I stared at the highlighted parts for a while.  If this is true, does it not follow that EPI is fighting to protect the wealthier income earners from the effects of a tax that might be put on their insurance plans?  If it's the highest paid workers who have the most coverage, why the outrage about this affecting the middle class?  More to the point, isn't this trying to have it both ways -- indignantly protesting the excise tax on the claim that it will "hurt the middle class" and then turning around and saying "well, middle class wages aren't affected anyway because it's the high income earners who have the most coverage?"  I don't get it.  Shouldn't the Economic Policy Institute be fighting for more poor and the middle class people to get coverage and care instead of trying to protect those with the most coverage -- the high income earners, according to their own paper -- from a tax on their insurance company (or passed down, their employer) that might apply on some of their health plans over a certain threshold to their insurance companies?  Their mission sure seems to be to fight for the poor and the middle class:
The Economic Policy Institute, a nonprofit Washington D.C. think tank, was created in 1986 to broaden the discussion about economic policy to include the interests of low- and middle-income workers. Today, with global competition expanding, wage inequality rising, and the methods and nature of work changing in fundamental ways, it is as crucial as ever that people who work for a living have a voice in the economic discourse.

EPI was the first — and remains the premier — organization to focus on the economic condition of low- and middle-income Americans and their families.

EPI also felt it important to disclose their funding sources on their "About Us" page:
EPI is a 501(c)(3) corporation. In 2005 through 2007, a majority of its funding (about 53%) was in the form of foundation grants, while another 29% came from labor unions. EPI also receives support from individuals, corporations, and other organizations.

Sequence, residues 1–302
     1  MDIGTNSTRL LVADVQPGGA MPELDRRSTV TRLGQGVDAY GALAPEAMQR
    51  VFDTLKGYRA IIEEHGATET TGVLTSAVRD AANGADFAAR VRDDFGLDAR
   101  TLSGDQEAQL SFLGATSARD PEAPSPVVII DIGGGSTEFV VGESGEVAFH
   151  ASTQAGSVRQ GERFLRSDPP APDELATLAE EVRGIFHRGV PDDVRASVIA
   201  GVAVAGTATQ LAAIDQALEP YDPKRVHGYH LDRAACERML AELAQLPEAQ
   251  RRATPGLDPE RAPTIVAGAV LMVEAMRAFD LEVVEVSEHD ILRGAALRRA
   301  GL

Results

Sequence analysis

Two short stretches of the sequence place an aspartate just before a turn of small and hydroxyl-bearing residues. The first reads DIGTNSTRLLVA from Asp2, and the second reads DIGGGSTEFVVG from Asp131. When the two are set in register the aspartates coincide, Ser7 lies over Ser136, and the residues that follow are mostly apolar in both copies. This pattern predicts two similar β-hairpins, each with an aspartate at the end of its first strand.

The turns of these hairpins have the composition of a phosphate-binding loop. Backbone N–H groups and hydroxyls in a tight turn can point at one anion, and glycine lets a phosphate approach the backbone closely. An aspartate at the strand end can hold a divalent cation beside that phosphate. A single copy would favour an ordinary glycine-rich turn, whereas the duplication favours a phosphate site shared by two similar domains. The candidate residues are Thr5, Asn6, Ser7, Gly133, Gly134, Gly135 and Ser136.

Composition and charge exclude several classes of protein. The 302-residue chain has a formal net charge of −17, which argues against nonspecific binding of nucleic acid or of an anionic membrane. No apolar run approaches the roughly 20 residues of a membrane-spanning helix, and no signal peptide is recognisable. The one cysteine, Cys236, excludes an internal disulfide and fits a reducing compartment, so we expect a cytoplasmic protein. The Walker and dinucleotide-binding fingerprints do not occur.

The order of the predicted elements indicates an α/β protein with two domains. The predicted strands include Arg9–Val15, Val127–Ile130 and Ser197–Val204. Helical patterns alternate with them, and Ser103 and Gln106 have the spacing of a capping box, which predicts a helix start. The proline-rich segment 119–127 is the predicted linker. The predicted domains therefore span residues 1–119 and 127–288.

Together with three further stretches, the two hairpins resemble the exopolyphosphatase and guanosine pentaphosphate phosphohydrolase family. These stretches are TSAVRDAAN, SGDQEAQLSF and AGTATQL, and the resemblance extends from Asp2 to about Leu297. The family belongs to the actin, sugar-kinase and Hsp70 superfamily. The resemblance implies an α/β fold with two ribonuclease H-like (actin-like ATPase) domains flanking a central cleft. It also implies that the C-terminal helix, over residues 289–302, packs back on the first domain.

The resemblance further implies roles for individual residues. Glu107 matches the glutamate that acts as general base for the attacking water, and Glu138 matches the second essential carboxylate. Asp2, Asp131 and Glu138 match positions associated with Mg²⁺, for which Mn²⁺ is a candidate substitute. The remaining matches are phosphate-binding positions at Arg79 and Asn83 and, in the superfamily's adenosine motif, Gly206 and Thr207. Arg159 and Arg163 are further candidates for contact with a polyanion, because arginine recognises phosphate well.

I must stress that my argument and this piece is based the substance, not the funding source of the issue brief I discuss here.  But I felt it important to mention given the recent funding fallouts that have contributed to a lot of attacks on the objectivity of MIT Prof. Jon Gruber.

So in the end, the EPI bases its campaign to oppose the excise tax based on three claims, each of which is flawed and/or deeply questionable, and given that, none of those lead to the conclusions the EPI claims to.  These certainly do nothing to undo the validity of the support of the excise tax by three Nobel winning economists (Paul Krugman among them), 21 other prominent economists, the CBO, the JCT, the Center for Budget and Policy Priorities, and economic policy columnists of several newspapers including the Washington Post's Ezra Klein who finds a stronger correlation between wage growth and the growth-rate of the cost of employer-provided coverage than between wage growth and economic expansion.  The EPI brief does not negate their judgment that there is a tradeoff between wages and the cost of health insurance benefits.  While the cost of health insurance isn't the only factor in determining and driving wages, it is one of the major factors, and the EPI paper fails negate it.

Technical Note: Emphases may be mine in quotes provided.